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My Chemical Hearts Movie Review


There's another YA movie out in the world! I always have mixed feelings about covering adaptions of YA books because I'm generally not a movie fan, and I tend to be really harsh. That hasn't stopped me from writing about quite a few of them. Since I've ended up enjoying so many in the past, I thought I'd give Our Chemical Hearts a try. I had some reservations going into it about the criticism of the disability rep in the book and also the general manic pixie dreamgirlness of the whole thing. I haven't read the book in so long, it's hard to really comment on it, but I'd looked into other own voices reviewers takes on the disability rep when I covered the announcement, so I'll leave that here for you to read and decide on your own about the book.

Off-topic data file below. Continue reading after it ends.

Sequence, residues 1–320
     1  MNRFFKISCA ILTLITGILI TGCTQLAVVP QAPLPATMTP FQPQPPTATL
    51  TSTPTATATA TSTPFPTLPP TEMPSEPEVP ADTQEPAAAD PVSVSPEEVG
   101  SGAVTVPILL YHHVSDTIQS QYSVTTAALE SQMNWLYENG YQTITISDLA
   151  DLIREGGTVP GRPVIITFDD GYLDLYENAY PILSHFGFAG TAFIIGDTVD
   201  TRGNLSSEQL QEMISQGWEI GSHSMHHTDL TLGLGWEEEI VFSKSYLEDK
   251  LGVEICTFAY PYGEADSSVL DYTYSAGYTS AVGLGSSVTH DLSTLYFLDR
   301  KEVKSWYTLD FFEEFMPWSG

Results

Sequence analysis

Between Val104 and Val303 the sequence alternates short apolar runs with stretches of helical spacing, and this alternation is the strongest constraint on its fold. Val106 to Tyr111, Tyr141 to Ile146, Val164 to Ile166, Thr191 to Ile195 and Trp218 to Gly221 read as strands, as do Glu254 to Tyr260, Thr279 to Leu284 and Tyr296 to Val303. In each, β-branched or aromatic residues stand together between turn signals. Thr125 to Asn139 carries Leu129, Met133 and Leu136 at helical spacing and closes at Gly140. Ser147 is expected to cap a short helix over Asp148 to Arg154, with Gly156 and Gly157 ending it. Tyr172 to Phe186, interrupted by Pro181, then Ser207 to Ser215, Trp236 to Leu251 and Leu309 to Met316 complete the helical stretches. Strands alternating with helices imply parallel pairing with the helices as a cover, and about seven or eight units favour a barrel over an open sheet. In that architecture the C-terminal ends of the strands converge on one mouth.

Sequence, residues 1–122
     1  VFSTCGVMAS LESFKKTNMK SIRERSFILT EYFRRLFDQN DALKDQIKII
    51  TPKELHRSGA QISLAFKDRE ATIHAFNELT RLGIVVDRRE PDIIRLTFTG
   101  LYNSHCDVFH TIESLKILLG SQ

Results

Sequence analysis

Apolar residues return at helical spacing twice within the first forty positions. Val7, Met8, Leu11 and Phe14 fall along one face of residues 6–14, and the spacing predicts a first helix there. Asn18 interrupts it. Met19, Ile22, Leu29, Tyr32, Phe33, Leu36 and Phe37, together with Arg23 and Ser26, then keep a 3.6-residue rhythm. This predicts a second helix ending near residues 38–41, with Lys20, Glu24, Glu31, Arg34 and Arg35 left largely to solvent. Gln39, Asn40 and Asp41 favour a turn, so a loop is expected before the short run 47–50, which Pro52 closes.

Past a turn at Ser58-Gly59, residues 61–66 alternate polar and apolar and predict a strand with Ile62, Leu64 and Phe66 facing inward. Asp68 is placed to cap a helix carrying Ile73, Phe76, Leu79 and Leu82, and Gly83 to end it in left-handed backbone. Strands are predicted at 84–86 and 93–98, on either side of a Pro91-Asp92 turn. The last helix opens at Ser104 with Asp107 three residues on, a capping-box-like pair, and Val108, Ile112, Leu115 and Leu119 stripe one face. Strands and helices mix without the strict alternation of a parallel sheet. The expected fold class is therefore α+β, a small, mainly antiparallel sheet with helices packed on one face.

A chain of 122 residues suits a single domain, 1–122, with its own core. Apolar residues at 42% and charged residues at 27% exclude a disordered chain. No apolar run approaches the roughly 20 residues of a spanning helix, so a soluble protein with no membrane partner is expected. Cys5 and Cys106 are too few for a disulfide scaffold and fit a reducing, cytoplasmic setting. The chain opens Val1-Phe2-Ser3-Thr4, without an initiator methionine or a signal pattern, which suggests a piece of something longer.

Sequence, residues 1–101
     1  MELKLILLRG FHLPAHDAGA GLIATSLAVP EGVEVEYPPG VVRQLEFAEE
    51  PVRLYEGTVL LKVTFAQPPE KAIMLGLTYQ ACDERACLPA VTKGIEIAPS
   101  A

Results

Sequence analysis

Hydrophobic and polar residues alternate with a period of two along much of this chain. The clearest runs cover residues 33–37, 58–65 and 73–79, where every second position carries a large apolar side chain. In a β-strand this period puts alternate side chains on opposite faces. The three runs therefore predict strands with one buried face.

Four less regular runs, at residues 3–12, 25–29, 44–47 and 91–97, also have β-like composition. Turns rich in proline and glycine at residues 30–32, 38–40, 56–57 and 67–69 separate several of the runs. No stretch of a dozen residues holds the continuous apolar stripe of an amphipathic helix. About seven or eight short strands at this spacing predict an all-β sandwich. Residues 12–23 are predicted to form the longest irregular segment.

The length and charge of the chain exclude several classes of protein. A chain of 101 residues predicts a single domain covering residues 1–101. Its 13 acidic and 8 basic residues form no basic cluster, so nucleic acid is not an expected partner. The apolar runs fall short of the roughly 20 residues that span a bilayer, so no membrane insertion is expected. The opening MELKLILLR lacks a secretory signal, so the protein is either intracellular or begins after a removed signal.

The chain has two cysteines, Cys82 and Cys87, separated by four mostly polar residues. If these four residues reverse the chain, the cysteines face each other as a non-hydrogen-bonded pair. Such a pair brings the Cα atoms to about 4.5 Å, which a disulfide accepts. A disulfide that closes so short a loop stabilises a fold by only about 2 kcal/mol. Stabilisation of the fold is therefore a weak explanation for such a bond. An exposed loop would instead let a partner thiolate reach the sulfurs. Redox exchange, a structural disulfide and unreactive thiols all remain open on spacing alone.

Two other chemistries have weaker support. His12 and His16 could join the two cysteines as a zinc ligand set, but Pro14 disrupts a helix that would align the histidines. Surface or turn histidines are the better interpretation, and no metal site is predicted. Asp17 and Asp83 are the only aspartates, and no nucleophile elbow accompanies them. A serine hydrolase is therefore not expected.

As for the movie, I generally liked it. Lili Reinhart stared in and produced the movie which made it extra interesting for me. She and Cole Sprouse (if you want my review of his YA movie, Five Feet Apart, you can find it here) are the best parts of Riverdale, so I was excited to see her acting outside of that wacky universe. I really enjoyed her performance overall. I think she did a good job of humanizing Grace's character and giving her as much dimension as possible. Lili definitely seemed to be a grounding force, and you could tell she respected the role. My only issue with Lili's casting and performance is that, as with everyone on Riverdale, it's hard to believe she's 17 because, when you're 23, you're really, really not 17. I'm not going to harp on it too much because it's a problem in almost every piece of major studio produced teen visual media, but it still made it hard for me to buy into the movie on a basic level.